What makes ConcertoHealth stand out is our ability to identify the white space that results from health care delivery bottlenecks and to partner across the health care ecosystem to overcome those bottlenecks through an innovative approach to delivering care to the population, particularly those with the greatest needs.

Can you share with our readers about the innovations that you are bringing to and/or see in the health care industry? How do you envision that this might disrupt the status quo? Which “pain point” is this trying to address?

The ConcertoHealth team understands that there is no one magic bullet to successfully transform the health care delivery system for the nation’s most costly patient population. First and foremost, it requires the best human capital — an innovative, committed and gritty group of people that understand how critical it is to work as a team. Second, technology and systems that support that team’s ability are necessary to deliver exceptional care. Third, a care model that not only excels at the delivery of high-quality, evidence-based medical care, but understands deeply that it is more often the social, behavioral and logistical determinants of health that have the greatest impact on this patient population.

It is the constellation of the above factors that is allowing us to successfully reimagine health care delivery for this population, and doing it in a way that is not replacing the existing delivery system, but instead is complementing it, and empowering it to transition from a transactional, fee-for-service system to a value and outcome-based one.

Additionally, we are laser-focused on empowering the primary care delivery system in particular. Primary health care in the United States continues to get the short end of the stick (huge understatement) economically, receiving only ~5% of all health care resources. This is what we believe is the critical weakness of the system and the pain point we are working to alleviate.

What are your “5 Things I Wish Someone Told Me Before I Started” and why.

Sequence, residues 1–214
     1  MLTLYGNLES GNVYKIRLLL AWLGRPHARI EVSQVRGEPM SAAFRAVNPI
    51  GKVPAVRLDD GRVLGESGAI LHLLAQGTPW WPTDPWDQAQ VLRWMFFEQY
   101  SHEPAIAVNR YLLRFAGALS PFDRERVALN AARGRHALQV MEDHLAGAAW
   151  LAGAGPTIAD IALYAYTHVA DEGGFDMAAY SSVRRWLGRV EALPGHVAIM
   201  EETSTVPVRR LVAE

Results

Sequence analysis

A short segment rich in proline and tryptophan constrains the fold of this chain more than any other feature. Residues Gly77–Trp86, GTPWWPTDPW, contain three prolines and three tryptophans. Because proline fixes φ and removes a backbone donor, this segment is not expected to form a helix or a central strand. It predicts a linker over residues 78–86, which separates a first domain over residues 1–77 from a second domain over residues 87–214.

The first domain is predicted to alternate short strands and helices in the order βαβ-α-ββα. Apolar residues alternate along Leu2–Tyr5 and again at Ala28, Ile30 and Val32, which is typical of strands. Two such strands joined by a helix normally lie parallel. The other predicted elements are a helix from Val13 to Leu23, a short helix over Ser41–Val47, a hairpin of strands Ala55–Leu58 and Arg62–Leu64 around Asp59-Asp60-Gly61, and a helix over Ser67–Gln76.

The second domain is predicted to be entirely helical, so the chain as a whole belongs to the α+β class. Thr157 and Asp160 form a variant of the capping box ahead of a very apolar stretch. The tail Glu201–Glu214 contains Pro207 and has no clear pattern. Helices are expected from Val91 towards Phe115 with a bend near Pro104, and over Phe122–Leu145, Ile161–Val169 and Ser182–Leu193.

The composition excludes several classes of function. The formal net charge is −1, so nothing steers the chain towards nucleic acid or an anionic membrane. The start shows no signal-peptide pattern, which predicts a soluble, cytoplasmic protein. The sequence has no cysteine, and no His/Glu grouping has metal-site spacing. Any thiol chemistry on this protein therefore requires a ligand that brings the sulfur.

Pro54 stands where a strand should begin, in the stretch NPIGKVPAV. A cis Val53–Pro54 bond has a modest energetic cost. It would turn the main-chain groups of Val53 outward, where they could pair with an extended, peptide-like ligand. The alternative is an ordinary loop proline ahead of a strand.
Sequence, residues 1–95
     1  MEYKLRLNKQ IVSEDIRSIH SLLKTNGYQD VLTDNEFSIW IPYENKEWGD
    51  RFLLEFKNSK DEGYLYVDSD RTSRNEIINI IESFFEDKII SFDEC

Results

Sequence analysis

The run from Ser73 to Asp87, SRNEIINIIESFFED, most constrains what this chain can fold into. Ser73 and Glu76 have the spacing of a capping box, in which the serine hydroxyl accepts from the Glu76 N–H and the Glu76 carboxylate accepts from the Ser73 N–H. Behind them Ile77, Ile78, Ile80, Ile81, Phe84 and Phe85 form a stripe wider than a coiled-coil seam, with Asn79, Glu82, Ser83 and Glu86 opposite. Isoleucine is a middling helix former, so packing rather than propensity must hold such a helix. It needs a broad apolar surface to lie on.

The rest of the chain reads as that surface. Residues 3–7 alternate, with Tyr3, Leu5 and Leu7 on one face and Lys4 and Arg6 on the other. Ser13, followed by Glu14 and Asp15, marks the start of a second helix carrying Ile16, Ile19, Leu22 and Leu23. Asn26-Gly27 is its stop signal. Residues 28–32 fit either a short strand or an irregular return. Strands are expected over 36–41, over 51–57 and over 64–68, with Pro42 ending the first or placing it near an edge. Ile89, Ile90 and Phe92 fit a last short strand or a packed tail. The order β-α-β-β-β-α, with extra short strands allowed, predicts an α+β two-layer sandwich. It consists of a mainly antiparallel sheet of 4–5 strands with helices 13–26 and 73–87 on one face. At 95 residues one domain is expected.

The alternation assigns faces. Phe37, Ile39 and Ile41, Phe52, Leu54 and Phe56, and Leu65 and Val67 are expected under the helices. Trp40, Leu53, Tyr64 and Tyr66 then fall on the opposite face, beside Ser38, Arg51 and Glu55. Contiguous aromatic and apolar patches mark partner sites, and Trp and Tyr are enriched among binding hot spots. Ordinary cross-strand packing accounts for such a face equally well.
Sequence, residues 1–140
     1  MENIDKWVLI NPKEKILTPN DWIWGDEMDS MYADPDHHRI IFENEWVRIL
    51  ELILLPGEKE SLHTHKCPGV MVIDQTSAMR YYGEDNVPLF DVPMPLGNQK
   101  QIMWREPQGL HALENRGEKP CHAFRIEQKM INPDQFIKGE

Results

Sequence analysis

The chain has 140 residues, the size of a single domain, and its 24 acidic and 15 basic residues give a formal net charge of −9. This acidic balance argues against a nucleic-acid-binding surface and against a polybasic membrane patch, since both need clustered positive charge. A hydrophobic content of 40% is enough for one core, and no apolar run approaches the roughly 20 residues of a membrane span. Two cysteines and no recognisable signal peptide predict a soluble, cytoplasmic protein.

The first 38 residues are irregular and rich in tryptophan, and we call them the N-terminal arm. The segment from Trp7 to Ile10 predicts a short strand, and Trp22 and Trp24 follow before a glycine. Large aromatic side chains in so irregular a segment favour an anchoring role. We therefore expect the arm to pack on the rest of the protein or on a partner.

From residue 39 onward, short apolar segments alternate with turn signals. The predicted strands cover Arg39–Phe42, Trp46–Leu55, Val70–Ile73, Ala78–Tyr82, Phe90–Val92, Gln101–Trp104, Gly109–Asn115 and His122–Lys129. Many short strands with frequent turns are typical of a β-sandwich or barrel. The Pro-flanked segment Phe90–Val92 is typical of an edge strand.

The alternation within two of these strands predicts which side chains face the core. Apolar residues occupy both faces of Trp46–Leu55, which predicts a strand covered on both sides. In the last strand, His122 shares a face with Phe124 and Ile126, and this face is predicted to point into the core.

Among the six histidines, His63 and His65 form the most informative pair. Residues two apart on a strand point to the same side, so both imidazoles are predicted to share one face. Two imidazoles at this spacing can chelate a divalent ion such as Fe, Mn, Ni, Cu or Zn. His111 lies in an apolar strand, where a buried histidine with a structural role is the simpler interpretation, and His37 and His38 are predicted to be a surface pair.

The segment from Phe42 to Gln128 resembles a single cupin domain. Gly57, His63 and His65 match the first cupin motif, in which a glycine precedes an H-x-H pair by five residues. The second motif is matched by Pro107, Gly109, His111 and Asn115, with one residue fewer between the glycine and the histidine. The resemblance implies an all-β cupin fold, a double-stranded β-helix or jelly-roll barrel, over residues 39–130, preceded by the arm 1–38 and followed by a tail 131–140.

1. How wild of a ride it would be, e.g., working for a startup company with the lofty goal of transforming the health care delivery system.
  2. How incredibly satisfying and cool it would be to partner with an amazing group of dedicated, innovative, gritty individuals to accomplish this goal.
  3. Change is a lot slower than you think.
  4. How critical it is to have “the right people on the bus” and that you need to develop critical processes to recruit and hire to protect the company from bringing on the wrong people in the midst of rapid scaling.
  5. How essential it is to ensure that each member of the team understands the goals of the company, i.e., our True North, and how the valuable work they do on a daily basis contributes to that True North.

Let’s jump to the main focus of our interview. According to this study cited by Newsweek, the U.S. health care system is ranked as the worst among high-income nations. This seems shocking. Can you share with us 3–5 reasons why you think the U.S. is ranked so poorly?

  1. The payment model is wrong, e.g., transactional fee for service vs. value/outcome-based.
  2. We’re shortchanging primary care (~5% of all health care dollars).
  3. Lacking focus on the social, behavioral and logistical determinants of health.

You are a “healthcare insider.” If you had the power to make a change, can you share 5 changes that need to be made to improve the overall U.S. health care system? Please share a story or example for each.

  1. Accelerate the transformation of the value/outcome-based payment model.
  2. Increase reimbursement for primary health care providers (including the mental health system), across all roles.
  3. Shift more resources and emphasis to care vs. compliance for populations most in need.
  4. Increase the number of lay health professionals (health coaches, community health workers) in the health care workforce.
  5. Increase resource provision to partnering with patients for behavioral change, e.g., support for smoking cessation, etc.

Thank you! It’s great to suggest changes, but what specific steps would need to be taken to implement your ideas? What can individuals, corporations, communities and leaders do to help?

In addition to the above, leaders across all aspects of civic society, particularly those who deliver primary care services to those most in need, need to be more outspoken about the root etiology of a health care delivery system that hasn’t lived up to its potential.

What are your favorite books, podcasts or resources that inspire you to be a better health care leader? Can you explain why you like them?

A podcast from the Institute for Healthcare Improvement — an inspiring social movement that unites health professionals around the world to improve the quality of health care delivery.

The book “Pathologies of Power: Health, Human Rights, and the New War on the Poor” by Paul Farmer. This was the pivotal book for me during medical school that challenged me to dedicate my professional and personal toolkit to those most in need.